Home Christian News ‘My Generation Did the Younger Generation(s) A Disservice’—Beth Moore Reflects on ‘Christian...

‘My Generation Did the Younger Generation(s) A Disservice’—Beth Moore Reflects on ‘Christian Celebrity Culture’

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Screenshot from YouTube / @Living Proof Ministries with Beth Moore

In a Twitter thread this morning (Dec. 8), Bible teacher and bestselling author Beth Moore shares words of encouragement with younger generations of Christian authors and church workers. Saying her generation introduced “platform culture” and “Christian celebrity culture,” the 65-year-old Moore admits “we made speaking and teaching and traveling, and certainly book publishing look glamorous.”

That’s a disservice, she says, because “it has always been hard. Publishing a book is terrifying. The anxiety can eat up your intestines. The criticism has been ever with us like a codependent frenemy.”

Beth Moore: God Wants Reliance, Not Success

In the thread, Beth Moore focuses on a phrase from Paul’s letter to the Philippians: “and this is from God” (1:28). God appoints or allows “difficulties and disappointments and opposition” as a gift, albeit often unwanted, she says. That’s because God wants his followers “to be filled with his Spirit, not with ourselves. … his objective with us is not to make us successful but to make us reliant.”

To younger generations of authors and ministers, Moore writes, “If some of us made it look easy, forgive us. It never was. We had struggles at home, struggles abroad. We have failed as often as we could have succeeded.” She warns, “There will always be criticism. There will always be offerings we make that will be rejected.”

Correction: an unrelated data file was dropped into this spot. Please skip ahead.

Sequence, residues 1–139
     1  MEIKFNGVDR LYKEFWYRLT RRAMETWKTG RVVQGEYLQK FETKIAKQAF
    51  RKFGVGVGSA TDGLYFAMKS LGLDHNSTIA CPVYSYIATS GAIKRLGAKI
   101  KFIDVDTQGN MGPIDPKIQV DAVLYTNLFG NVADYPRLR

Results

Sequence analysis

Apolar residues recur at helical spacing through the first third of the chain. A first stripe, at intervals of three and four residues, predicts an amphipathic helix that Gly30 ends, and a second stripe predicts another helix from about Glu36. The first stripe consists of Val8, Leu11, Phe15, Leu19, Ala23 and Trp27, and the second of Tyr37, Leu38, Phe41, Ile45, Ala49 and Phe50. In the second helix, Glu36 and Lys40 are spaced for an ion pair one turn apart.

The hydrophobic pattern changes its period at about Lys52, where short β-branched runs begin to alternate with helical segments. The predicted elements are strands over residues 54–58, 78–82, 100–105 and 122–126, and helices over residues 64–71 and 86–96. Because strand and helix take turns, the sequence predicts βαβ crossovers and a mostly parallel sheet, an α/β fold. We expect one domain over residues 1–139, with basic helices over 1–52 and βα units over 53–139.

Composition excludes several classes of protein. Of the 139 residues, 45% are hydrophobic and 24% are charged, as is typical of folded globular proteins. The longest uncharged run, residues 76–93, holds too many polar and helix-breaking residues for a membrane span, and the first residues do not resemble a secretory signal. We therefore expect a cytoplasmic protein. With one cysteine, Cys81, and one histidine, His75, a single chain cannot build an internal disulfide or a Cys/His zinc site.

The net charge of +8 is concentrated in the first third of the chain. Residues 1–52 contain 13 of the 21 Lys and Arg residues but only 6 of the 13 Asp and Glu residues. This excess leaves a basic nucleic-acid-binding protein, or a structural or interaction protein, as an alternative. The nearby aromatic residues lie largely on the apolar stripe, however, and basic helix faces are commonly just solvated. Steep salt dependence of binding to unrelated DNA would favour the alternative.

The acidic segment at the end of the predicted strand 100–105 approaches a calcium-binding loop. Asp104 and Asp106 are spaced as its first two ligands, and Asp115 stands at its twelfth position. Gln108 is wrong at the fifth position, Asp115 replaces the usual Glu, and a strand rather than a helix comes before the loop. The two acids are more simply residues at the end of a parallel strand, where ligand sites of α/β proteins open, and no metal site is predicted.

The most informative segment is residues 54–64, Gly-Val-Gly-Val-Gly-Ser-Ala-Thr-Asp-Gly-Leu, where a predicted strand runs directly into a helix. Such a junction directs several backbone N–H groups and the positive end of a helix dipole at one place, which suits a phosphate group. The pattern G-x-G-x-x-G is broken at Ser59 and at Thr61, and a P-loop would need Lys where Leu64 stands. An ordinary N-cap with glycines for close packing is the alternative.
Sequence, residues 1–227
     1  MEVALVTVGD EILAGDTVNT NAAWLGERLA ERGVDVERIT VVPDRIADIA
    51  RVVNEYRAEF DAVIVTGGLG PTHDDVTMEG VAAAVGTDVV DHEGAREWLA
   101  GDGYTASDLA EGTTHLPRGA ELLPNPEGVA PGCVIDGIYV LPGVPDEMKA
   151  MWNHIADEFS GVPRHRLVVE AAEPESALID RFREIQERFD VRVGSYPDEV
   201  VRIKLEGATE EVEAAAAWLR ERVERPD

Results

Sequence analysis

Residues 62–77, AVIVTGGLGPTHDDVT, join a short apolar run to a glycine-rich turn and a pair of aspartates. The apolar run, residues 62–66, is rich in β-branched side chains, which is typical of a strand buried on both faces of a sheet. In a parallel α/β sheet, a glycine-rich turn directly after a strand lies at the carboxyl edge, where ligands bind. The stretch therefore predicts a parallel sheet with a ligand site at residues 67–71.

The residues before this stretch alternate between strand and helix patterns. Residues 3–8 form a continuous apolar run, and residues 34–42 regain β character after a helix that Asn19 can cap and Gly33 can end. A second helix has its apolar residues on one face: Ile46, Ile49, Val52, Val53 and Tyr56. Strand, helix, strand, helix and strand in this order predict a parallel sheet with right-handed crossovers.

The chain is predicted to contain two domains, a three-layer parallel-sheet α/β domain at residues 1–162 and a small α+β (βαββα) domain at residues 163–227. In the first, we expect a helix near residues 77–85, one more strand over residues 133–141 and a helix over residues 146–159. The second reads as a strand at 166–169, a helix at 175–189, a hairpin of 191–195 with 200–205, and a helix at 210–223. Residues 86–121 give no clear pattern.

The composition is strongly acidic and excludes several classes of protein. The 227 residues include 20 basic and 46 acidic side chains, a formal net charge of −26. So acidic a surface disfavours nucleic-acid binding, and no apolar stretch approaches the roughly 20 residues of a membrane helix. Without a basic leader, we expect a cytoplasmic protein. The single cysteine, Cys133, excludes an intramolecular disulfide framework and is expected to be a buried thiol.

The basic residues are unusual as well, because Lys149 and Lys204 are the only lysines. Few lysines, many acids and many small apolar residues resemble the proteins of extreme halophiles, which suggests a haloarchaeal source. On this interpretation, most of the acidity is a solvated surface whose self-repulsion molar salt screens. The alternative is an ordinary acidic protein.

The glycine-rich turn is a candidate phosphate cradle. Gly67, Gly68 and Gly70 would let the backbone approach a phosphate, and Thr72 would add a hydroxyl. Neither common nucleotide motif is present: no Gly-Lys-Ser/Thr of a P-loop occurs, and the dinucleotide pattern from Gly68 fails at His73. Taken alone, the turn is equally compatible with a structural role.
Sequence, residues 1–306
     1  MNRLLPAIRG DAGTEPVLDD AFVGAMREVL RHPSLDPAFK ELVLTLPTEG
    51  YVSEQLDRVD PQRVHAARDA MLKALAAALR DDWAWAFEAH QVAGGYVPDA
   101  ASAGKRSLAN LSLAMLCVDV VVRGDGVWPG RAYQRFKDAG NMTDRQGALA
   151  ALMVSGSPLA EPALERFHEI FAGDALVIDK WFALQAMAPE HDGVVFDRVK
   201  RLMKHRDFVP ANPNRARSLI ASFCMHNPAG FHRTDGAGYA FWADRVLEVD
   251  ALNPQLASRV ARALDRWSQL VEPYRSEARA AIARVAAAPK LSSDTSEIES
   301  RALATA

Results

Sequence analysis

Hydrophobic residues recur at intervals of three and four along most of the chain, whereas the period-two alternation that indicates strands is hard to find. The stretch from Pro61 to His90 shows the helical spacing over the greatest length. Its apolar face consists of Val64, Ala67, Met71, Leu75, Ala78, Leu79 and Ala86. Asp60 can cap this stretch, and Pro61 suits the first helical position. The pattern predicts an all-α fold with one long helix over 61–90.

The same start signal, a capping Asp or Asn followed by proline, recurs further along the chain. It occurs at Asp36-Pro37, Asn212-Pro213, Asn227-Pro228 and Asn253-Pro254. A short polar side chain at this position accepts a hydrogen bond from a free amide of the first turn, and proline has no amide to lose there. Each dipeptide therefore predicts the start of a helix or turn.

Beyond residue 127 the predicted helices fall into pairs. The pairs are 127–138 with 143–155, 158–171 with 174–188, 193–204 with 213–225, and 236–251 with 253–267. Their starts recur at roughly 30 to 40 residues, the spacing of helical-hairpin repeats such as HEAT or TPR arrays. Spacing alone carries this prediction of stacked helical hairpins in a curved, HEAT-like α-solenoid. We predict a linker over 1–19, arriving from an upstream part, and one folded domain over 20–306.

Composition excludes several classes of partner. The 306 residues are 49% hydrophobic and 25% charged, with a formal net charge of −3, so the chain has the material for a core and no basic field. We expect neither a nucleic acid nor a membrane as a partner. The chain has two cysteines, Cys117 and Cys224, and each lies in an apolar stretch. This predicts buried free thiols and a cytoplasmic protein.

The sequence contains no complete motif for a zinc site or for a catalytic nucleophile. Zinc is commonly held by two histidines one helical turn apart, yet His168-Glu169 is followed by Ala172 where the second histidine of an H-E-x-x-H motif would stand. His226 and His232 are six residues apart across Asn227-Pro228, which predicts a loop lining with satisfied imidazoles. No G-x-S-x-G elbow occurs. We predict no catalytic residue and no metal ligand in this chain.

Moore encourages Christian saints and servants to “hang in there” and “ride it out” because “God is for you.” Disappointments may take years to reveal their purpose, she reminds readers, but “Every single one of our stories, if we are in Jesus, ends magnificently. And this is from God.”

Beware the Spotlight, Says Beth Moore

During a recent address at a Living Proof Ministries event, Moore warned Christian leaders about the dangers of being in the “earthly spotlight.” The “potential for darkness…is through the roof,” she says, begging listeners not to “crave” worldly fame or attention. “There is so much of this that is not fun,” including the lobbing of “all manner of criticism.” But if you want God to use you, Moore says, you can’t play it safe or avoid exposure to risk and testing. Instead, God “will entrust suffering to us because it is his job to keep us in need of him.”

Moore’s Dec. 8 tweets garnered thanks from fellow church workers and Christians. Author and seminarian Kaitlyn Schiess replies that it’s “strangely comforting” to know the work has always been—and will continue to be—hard. Other commenters bemoan the concept of celebrity speakers and the “commercialization of the craft.”